But instead of showing his strength by human actions he showed divine action and loved his enemies: Father, forgive them, for they do not know what they are doing.” (Luke 23:34) Jesus wants us to live more than the limitations of everyday life. He says: I have come that they may have life, and have it to the full. (John 10:10). But life to the full is found in very different places to where human life expects it to be found. We would normally look for it in physical place – in possessions, money, enjoyment. While life can be experienced there, it is always limiting. Life to the full is found where you would not expect to find it. It’s so much like God that he seems to hide blessings where we would not, or even should not find them.
As Paul said – God chose the weak things of the world to shame the strong – he chose the foolish things of the world to shame the wise. (1 Corinthians 1:27) Luther referred to God as the God of the opposites. He hides blessings in curses – as St Paul says in Galatians: Christ redeemed us from the curse of the law by becoming a curse for us, for it is written: “Cursed is everyone who is hung on a tree.” (Galatians 3:13) He hides victory in defeat – what was intended to shame and defeat Jesus saw the cross become his throne.
So God has also hidden blessings in humility – turning the other cheek, going the extra mile, giving up the rest of our possessions to those who have already taken them – and the crowning glory – loving our enemies. Jails and punishments have their place in today’s societies But where does a hurting person go for rest, support and healing? Where does a person rejected by society turn for help without judgment? Where can one show up and not be judged? There’s an acceptance that shines through the church and the people of God. This love and acceptance of neighbour is what Jesus means when he says to love one another as I have loved you. (John 13:34,35)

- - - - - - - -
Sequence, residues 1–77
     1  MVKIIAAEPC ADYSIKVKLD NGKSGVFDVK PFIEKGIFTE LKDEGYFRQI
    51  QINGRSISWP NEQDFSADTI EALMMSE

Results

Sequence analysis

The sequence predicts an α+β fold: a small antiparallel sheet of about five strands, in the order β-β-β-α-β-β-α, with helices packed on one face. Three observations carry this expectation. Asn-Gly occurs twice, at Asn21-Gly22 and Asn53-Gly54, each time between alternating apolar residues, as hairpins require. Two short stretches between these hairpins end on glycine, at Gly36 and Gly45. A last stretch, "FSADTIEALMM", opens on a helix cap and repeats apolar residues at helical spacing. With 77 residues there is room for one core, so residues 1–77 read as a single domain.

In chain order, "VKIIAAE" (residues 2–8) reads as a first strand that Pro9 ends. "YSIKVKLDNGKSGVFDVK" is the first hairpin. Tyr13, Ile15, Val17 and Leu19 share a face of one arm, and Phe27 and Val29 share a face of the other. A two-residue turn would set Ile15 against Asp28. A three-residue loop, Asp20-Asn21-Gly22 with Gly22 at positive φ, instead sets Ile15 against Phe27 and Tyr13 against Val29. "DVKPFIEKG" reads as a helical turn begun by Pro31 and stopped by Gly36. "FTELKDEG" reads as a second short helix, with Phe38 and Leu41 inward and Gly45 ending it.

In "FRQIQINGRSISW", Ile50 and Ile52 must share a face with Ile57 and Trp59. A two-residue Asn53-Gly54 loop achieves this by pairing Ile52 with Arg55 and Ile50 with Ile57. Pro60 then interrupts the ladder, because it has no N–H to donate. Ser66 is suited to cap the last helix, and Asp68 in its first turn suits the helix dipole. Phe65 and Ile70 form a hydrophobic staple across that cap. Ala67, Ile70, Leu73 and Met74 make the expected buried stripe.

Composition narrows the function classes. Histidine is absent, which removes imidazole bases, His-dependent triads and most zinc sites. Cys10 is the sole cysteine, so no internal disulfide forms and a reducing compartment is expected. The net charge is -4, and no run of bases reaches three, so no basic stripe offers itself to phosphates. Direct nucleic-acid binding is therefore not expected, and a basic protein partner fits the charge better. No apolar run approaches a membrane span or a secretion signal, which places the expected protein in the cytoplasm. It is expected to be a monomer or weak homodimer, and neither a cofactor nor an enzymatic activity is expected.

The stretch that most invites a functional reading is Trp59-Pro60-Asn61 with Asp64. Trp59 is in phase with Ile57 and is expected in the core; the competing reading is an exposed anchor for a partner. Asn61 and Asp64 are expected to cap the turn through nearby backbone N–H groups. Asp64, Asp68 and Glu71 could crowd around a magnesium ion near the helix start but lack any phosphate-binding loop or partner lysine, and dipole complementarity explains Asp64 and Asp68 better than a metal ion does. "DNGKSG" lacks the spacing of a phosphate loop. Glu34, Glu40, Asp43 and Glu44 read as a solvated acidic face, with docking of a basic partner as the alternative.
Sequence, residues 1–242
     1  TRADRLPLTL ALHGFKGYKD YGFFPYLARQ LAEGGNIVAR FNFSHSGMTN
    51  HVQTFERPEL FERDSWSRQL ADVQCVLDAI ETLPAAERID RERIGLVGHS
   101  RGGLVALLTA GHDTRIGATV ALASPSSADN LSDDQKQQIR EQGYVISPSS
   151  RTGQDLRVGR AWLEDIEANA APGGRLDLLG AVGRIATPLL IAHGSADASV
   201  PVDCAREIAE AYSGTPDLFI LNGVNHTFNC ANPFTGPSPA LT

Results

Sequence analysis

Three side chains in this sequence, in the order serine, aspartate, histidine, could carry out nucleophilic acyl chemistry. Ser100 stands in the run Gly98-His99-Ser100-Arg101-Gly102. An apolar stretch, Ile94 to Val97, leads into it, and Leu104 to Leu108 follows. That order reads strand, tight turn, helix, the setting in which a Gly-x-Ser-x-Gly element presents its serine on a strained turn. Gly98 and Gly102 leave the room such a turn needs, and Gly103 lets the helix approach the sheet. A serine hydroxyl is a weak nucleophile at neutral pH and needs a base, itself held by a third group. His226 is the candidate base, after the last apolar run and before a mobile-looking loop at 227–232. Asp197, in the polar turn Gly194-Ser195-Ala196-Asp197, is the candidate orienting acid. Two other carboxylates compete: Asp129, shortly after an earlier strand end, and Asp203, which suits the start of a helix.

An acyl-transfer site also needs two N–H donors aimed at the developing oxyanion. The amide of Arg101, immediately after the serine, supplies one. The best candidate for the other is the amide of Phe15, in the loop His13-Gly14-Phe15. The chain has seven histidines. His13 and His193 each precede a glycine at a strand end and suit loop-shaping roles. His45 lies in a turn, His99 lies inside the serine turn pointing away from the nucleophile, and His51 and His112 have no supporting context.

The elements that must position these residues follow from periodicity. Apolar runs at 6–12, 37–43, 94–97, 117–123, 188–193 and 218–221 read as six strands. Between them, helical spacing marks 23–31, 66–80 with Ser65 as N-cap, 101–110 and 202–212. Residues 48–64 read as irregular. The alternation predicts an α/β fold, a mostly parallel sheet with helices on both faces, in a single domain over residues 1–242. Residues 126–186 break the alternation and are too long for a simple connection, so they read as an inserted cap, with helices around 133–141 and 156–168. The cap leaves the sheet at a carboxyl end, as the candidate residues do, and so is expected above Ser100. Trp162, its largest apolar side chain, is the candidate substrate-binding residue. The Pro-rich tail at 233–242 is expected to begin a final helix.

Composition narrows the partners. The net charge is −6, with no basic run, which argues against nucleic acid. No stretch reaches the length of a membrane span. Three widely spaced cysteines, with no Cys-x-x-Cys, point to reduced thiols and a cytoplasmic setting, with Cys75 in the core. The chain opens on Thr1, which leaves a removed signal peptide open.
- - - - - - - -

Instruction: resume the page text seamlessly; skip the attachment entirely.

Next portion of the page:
Like the other teachings of Jesus we have heard, they are hard to take in. Loving enemies, forgiving negative experiences, giving and expecting nothing in return, offering mercy instead of demanding justice – this is God’s story. God placed a rainbow promise in the sky even though every inclination of the human heart was evil, (Genesis 6:5) God made manna to fall from heaven, even though the Israelites had done nothing but complained. In the parable of the vineyard owner, God pays the one–hour workers the same as the eight–hour workers giving them not what they deserve but what they need. (Matthew 20:1-16) In the parable of the Prodigal Son, we experience a God who rejoices when a sinner comes home. (Luke 15:11-32) And so the teachings of Jesus continue. God gives us grace instead of judgment. God gives us blessing instead of curse. God gives us comfort instead of condemnation and now asks us to go and do likewise to our neighbour (see Luke 10:37) Loving our enemies and turning the other cheek goes against our human nature.
We live in a world where if we are wronged we press charges. There is room for that but there also needs to be room for mercy and forgiveness so we don’t harbour anger in our hearts but begin to heal. This negative reaction to the bad things in life is learned behaviour and is part of our original sin of seeing ourselves as the centre of the universe. God asks us to hand judgment over to him. It’s hard, because like Adam our Even, we want to be God. But God asks us to hand judgment over to him so we can heal and also be the healing for others. In the Gospels Jesus gives the hurting people grace. And he gives us grace and the blessing of unconditional love. And now Jesus asks us to do the same – to take the risk by picking up our cross and following him. (Matthew 16:24) These words are not spoken to the entire world who would not understand Jesus’ unconditional love. These words are spoken to his disciples, to believers who know Jesus and his love.
A love that saw him turn his cheek to be crucified. Who gave not just his clothing but his entire life. Who loved his enemies so much that he asked his Father to forgive them while they were nailing him to the cross. May that self-sacrificing love empower you to go and do likewise.